On 99 Cents, Santigold adds a bit of bubblegum to her new wave/post-punk/pop mix and the extra sweetness makes for her best album yet. A series of genres all blended & bent. Just go listen to ‘Banshee’ and marvel at the sonics, the bounce, the complexity of emotion (the compulsion to do the thing you know you shouldn’t be doing), and the way she makes it all sound simultaneously like freedom & death. Or revel in the hypertension of ‘Rendezvous Girl.’ Bask in the cotton-candied ‘Can’t Get Enough Of Myself,’ which reaches ‘Steal My Sunshine’ levels of dumb grinning joy while you’re bobbing & nodding. Then you catch the last line of the chorus: my brand of vainglory is much better for your health, and realize Santigold is brilliant.
99 Cents overflows. With technology & empathy, with huge melodies wrapped in strangeness and a subtle critique of consumer society. Pop music doesn’t get any better than this, and it’s a crime against the radio, and possibly against humanity, that we aren’t all as a society singing these songs as a collective hymn. And yeah the album has a couple of lulls, but so did every great Madonna album, to say nothing of Rihanna, or Beyonce, or Britney—or Springsteen for that matter.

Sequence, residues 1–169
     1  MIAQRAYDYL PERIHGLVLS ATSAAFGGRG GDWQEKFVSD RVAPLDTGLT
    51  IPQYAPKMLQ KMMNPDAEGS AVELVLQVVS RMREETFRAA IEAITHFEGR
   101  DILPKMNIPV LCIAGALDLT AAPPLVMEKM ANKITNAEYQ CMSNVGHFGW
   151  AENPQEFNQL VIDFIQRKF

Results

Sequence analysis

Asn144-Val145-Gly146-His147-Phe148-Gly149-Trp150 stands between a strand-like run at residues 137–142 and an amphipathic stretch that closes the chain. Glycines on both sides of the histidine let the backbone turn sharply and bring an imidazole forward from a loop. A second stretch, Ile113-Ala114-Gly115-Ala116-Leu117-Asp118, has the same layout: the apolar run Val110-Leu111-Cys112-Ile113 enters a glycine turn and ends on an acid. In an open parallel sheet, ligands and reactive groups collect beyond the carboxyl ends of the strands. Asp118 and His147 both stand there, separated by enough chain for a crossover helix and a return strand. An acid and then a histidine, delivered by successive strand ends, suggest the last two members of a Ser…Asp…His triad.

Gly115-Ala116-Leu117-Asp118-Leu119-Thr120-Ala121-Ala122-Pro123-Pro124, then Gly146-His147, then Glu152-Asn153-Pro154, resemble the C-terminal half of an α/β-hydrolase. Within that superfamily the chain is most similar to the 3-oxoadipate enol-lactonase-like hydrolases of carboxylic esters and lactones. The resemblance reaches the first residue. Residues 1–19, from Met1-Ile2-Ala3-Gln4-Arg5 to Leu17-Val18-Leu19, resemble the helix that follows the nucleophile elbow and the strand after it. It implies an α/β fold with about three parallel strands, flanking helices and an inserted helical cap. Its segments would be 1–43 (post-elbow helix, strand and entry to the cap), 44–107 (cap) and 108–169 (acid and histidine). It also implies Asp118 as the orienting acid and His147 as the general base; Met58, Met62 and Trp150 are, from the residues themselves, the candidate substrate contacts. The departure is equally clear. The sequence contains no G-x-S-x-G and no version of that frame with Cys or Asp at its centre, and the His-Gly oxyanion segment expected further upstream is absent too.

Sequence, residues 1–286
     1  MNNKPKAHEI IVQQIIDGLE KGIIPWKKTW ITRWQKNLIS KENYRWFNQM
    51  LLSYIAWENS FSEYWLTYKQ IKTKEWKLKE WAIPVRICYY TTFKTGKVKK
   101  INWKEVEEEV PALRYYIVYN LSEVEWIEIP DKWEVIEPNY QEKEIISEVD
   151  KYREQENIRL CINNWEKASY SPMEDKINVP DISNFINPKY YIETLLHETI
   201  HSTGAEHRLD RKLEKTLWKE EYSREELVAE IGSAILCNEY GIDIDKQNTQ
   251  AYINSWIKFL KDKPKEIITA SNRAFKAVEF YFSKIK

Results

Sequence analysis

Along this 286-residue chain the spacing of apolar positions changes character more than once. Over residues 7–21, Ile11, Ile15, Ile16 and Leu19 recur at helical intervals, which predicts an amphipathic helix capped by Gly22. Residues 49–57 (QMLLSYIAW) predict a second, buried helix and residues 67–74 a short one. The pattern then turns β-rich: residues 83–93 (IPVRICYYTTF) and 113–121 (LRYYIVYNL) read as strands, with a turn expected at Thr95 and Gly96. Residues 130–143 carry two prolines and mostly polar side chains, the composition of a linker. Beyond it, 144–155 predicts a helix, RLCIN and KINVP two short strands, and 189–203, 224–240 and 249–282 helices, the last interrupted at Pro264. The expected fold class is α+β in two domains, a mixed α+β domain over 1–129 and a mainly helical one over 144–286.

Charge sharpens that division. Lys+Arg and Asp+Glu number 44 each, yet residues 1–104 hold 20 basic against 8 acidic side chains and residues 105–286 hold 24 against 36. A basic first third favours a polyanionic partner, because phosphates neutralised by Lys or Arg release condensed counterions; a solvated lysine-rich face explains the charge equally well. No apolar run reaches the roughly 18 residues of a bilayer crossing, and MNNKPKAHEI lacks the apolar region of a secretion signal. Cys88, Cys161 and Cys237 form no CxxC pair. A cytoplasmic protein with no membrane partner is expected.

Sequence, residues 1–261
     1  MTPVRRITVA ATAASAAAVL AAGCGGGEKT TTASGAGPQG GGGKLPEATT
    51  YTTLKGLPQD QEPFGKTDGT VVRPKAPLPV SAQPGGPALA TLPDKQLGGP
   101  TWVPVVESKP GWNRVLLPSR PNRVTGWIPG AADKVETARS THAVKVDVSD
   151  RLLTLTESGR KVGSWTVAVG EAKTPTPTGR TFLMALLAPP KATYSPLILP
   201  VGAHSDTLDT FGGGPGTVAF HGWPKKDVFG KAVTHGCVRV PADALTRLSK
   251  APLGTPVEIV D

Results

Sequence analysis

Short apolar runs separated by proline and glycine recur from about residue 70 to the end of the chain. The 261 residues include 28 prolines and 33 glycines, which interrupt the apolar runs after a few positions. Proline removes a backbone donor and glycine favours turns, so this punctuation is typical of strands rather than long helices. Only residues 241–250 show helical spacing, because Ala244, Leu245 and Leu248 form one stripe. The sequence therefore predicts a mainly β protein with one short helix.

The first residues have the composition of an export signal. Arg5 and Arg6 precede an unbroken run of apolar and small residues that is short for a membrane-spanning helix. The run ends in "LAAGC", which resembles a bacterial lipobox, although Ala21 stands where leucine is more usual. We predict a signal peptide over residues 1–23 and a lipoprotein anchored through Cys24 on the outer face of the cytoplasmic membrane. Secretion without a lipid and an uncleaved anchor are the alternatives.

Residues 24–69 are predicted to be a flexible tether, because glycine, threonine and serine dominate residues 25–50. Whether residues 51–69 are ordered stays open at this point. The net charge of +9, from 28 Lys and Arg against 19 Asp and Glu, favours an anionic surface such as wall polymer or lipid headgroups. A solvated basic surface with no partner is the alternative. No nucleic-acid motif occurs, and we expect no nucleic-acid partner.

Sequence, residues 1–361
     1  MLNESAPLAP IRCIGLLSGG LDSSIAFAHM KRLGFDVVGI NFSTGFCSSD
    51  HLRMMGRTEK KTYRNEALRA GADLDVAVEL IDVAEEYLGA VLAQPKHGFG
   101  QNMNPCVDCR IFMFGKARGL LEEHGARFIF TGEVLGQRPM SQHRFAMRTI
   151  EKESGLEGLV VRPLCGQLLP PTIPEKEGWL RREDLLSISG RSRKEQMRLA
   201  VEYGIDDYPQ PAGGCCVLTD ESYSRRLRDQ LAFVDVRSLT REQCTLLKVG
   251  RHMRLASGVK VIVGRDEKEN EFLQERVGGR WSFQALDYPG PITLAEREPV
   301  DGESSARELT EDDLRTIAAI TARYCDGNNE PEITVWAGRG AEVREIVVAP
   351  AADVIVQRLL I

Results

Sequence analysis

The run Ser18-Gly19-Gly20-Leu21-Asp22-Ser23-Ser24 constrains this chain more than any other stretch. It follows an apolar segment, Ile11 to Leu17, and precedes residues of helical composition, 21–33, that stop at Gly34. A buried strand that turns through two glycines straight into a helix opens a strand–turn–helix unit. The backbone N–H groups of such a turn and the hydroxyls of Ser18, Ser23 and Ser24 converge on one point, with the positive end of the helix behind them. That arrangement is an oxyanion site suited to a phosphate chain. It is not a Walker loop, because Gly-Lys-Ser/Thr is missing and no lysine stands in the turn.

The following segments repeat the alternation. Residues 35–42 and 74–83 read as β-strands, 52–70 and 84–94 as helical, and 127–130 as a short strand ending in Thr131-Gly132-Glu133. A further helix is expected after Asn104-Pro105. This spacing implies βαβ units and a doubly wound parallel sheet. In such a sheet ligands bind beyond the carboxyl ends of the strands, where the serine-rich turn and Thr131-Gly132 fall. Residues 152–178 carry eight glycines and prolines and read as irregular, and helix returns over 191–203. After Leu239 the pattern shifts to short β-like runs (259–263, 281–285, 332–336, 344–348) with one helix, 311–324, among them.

Wrapped up in layers of irony & critique & fun & music, this records embraces all the contradictions of modern life—even as Santigold wears a mask of happiness, she can’t help directing our attention to the darkness all around us; and even in her lowest moments she’s hoping we’re all going to be alright.
MISPLACED HYPE OF THE MONTH:
DIIV – Is the is Are (Captured Tracks)
Drugs are boring. I’m talking about the sitting-in-the-room day-to-day existence of drug taking, the lifestyle, the endless scavenging every time your supply runs low. Life as a drug addict involves sitting in a room surrounded by people who are unlikeable talking about things unmemorable and everyone being extremely bored and pretty much chronically unsatisfied.